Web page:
Comic writers invariably are asked a handful of the same questions. The first one is usually: “Do you draw the pictures?” No, I can’t draw to save my life.
Soon after: “Where do you get your ideas?” I don’t know, they just show up. I’m really glad they do.
And almost always: “How did you break in?” That one has a longer answer. I’ve told the story so many times I feel like damn near everybody must’ve heard it by now. But for the sake of starting this column at the beginning, or at least my beginning. I broke into comics thanks to Jim Starlin, whom I’d met and become friends with because we lived in the same area and ended up moving in the same social circles. I copy-edited one of Jim’s prose novels for him. That led to him eventually asking if I’d like to try my hand at writing comics. I remember, to this day, his exact words: “It’s a good way to put food on the table.” It certainly has been.
Jim co-wrote a few “Surfer” jobs with me, showing me the ropes, showing me the script format I’m still using 20 years later. He impressed upon me that each panel was “a frozen moment in time,” like one frame of a movie reel. First-time comic writers, and frankly even some established pros, almost always make the mistake of asking for too much in a panel, asking for multiple actions, as if the static pictures could move. I never made that mistake, because an artist taught me how to write a script.
When Jim left “Surfer” to launch a new “Warlock” title, he somehow talked Marvel into letting me take over. I’ve been writing comics ever since, for Marvel, for DC, for Image, for Dark Horse, as well as for some publishers that have since joined the road kill on the comics highway, like CrossGen and Valiant. I’ve written company-owned icons, movie-franchise properties, creator-owned material. It’s all different, but it’s all the same: what comes out of my head gets turned into reality by amazingly talented artists.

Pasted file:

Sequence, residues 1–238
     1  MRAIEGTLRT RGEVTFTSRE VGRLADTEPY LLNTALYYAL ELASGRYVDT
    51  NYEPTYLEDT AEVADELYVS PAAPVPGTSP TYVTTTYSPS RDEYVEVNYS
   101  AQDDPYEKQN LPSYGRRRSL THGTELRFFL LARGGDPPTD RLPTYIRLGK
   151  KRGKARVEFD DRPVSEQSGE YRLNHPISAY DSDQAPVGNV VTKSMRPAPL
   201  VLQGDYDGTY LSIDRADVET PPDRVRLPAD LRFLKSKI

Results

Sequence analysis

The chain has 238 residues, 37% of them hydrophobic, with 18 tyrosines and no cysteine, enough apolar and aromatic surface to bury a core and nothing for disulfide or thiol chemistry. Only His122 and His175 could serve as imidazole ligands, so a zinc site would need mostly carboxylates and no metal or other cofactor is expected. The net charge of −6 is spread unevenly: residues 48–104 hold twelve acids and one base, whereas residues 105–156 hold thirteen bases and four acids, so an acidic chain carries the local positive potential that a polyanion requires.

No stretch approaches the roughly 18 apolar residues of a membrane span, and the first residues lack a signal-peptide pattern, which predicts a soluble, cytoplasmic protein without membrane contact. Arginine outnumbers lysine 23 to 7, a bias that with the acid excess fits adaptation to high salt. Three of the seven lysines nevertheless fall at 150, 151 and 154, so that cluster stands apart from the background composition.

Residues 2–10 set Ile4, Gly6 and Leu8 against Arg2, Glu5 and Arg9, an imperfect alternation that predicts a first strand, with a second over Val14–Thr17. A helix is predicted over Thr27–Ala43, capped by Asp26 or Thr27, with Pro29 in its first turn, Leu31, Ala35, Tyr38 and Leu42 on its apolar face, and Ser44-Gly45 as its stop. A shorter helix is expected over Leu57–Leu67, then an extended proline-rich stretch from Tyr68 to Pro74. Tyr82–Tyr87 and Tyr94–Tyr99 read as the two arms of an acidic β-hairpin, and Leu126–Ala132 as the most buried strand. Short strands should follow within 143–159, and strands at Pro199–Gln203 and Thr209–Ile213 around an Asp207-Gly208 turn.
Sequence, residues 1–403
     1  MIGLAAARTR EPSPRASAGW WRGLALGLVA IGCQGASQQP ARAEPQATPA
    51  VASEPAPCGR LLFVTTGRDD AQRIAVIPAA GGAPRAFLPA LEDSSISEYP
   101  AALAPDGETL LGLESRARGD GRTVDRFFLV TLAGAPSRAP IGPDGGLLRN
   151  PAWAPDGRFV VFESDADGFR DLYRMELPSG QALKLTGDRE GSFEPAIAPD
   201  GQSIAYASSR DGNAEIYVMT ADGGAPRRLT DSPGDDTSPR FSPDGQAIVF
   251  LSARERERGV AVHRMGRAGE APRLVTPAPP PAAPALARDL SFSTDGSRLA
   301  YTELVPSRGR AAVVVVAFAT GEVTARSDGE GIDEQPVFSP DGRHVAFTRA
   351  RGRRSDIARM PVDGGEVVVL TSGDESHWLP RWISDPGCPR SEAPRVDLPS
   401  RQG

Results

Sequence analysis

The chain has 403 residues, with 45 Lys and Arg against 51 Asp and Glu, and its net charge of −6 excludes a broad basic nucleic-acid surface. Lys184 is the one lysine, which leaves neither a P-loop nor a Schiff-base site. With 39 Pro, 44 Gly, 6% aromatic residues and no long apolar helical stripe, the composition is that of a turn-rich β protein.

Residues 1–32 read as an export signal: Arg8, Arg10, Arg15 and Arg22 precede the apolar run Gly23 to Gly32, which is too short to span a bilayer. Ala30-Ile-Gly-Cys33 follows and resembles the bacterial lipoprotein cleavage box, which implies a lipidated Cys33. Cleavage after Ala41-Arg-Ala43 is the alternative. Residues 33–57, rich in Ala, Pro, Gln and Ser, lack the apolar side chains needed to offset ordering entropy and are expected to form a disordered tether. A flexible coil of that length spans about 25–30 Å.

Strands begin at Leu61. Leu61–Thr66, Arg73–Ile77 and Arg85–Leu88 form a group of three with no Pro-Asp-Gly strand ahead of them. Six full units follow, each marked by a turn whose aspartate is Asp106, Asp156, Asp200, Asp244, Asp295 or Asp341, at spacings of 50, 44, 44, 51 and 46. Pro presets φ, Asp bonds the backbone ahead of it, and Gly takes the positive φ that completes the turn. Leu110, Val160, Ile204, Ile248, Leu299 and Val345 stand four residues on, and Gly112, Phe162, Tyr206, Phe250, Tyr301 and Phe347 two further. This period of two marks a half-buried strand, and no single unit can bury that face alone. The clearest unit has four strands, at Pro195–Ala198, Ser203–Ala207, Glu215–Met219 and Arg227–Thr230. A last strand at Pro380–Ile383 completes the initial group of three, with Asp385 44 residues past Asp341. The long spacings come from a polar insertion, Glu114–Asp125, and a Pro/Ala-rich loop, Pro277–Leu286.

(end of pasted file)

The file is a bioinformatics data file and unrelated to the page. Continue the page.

I’m probably having more fun now than I’ve ever had in my career, and hopefully I’m doing my best work. Your best story should always be your next story. It doesn’t always turn out that way, but having the mindset of not being satisfied, of not repeating yourself, is half the battle. There’s really no better job on the planet. Except maybe third baseman for the Mets.
So that’s been my life for the last 20 years, thanks to a friend who put the opportunity in front of me. There’s certainly been luck involved, and a lot of hard work, maybe a little bit of talent. Hopefully I’ve learned a few things along the way: about writing, about art, about editing and the business of comics, even about people in general. I’ll try to impart some of that here every two weeks. If you happen to follow me on Twitter, you might already have a sense that I try to be as honest as possible. This column will be no different. You show up, I’ll always tell you the truth.
Ron Marz has been writing comics for two decades, and thinks it’s pretty much the best job ever. His current work includes “Artifacts,” “Witchblade” and “Magdalena” for Top Cow, and his upcoming creator-owned title, “Shinku,” for Image, set to debut in 2011. Follow him on Twitter (@ronmarz) and his website, www.ronmarz.com